The News Courier in Athens, Alabama

Local News

January 18, 2012

Commission OKs terms for architect

The Limestone County Commission on Tuesday approved a contract with an architect for proposed courthouse renovations, though the decision wasn’t unanimous.

Commissioners approved a revised version of a contract with Montgomery-based 2WR that guarantees the firm 8.4 percent of the total project cost, estimated to be $3 million. The contract also stipulates that the architect and construction manager Martin & Cobey Co. Inc. are required to work within that amount on the renovations, according to county attorney Mark Maclin. It also states the renovations must be completed within 24 months.

Martin & Cobey stands to make 5 percent from the courthouse project, according to a contract approved in October.

District 4 Commissioner Bill Daws questioned if the county should include a stipulation in the architect’s contract that would prevent 2WR from charging the county for outside consultant and engineering fees. Maclin said any additional services and charges would first have to be approved by the commission.

Daws also asked if the contract could include a performance clause that would penalize the architect and construction manager if the renovations extended beyond 24 months. But other commissioners feared the architect’s 8 percent fee would go up if they were held responsible for a contractor’s work.

Commission Chairman Stanley Menefee said with any large project, “you’re going to run into things” in regard to change orders. He said the county “ran into problems” with the construction of the Clinton Street annex, but those issues were with the contractor and not the architect.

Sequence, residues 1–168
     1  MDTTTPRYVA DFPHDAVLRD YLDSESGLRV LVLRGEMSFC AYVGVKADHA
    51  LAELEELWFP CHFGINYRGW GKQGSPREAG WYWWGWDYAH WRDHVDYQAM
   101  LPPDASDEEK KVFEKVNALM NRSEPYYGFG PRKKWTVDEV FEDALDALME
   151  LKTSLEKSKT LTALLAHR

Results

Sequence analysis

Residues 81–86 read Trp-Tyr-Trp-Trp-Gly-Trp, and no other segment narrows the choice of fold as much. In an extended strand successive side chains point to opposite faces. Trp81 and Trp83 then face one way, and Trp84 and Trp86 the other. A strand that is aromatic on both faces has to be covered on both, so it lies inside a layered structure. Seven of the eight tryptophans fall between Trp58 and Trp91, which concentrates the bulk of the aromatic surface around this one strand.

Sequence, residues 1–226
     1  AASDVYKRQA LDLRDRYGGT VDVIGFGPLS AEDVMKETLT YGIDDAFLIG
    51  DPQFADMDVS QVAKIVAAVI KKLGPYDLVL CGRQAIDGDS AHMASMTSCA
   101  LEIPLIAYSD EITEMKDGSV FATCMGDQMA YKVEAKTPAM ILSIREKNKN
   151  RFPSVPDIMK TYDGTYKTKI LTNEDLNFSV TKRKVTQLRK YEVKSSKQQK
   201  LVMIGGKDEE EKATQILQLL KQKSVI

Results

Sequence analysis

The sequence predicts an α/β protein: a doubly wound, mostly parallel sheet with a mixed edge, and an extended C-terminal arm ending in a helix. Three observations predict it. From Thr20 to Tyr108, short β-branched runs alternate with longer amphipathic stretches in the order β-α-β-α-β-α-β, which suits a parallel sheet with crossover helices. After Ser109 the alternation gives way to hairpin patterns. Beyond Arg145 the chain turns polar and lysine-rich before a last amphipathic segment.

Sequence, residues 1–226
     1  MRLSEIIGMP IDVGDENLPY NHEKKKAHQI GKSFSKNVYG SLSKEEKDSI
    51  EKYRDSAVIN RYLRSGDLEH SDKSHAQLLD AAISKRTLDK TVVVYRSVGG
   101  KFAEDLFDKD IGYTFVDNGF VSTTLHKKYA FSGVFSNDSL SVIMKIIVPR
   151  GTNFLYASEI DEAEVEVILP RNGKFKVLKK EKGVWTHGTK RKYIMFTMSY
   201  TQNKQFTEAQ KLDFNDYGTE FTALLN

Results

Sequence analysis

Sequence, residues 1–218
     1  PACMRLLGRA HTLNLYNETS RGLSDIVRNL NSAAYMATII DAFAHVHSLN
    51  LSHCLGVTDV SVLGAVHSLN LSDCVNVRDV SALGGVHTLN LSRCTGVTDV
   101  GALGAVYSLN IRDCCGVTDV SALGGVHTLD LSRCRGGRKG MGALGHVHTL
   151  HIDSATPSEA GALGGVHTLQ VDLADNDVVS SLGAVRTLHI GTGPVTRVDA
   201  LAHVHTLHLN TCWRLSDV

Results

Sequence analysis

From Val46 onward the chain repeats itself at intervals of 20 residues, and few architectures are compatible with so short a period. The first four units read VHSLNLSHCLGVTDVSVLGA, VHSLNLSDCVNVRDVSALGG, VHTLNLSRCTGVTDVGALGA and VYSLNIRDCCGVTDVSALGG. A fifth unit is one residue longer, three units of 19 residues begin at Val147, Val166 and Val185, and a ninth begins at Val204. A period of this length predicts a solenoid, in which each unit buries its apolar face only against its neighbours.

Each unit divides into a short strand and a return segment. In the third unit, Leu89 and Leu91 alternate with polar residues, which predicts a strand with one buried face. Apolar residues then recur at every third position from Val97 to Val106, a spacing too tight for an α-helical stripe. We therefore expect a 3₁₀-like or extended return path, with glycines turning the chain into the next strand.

“This contract is to design a building to these specifications,” Menefee said. “(2WR) may go up on their price if you put another monkey on their back. If (delays) are over the fault of the design, that will fall back on the architect.”

Following the meeting, Daws said county leaders should have called the architects to ask if they would be amenable to a clause holding them responsible for project deadlines and excess costs.

Menefee, however, said the county does not need further delays on getting the project under way.

“I don’t see how our judicial system functions like it is,” he said, noting the lack of trial space and judges’ quarters. “If we sign the contract now, we might get some (architectural) plans back within two months.”

Menefee said the courthouse renovations were initially expected to cost upwards of $5 million, but both the architect and construction manager assured the county the project could be completed for $3 million.

He said the county would likely have the funds to pay for the project, but could look at a construction bond for a proposed $2 million expansion of the county jail.

Elsewhere, the commission approved a resolution that would provide eligible employees, retirees and elected officials a one-time payment of $250 as part of a medical reimbursement plan.

To be eligible for the plan, employees must submit an affidavit this month stating out-of-pocket expenses for medical, dental and/or vision visits, prescriptions and co-pays not paid or reimbursed by the insurer or third-party payer during 2011.

In other business, the commission:

• Awarded a bid of $16,312 to Information Management Services LLC for electronic data conversion and printing for the license commission;

• Approved job description revisions for the Council on Aging;

• Scheduled a public hearing for March 5 to hear comments on vacating part of a right-of-way between Airport Road, west of Edgewood Road, and Easter Ferry Road;

• Approved plant mix resurfacing in the amount of $73,885 for a little more than a half-mile of Mooresville Road from U.S. 72 to Capshaw Road. The commission also approved a plant mix resurfacing in the amount of $155,184 for more than 1 mile of Mooresville Road from Barksdale to Copeland roads.

The commission will meet again at 10 a.m. on Feb. 1 at the Washington Street annex for a work session.

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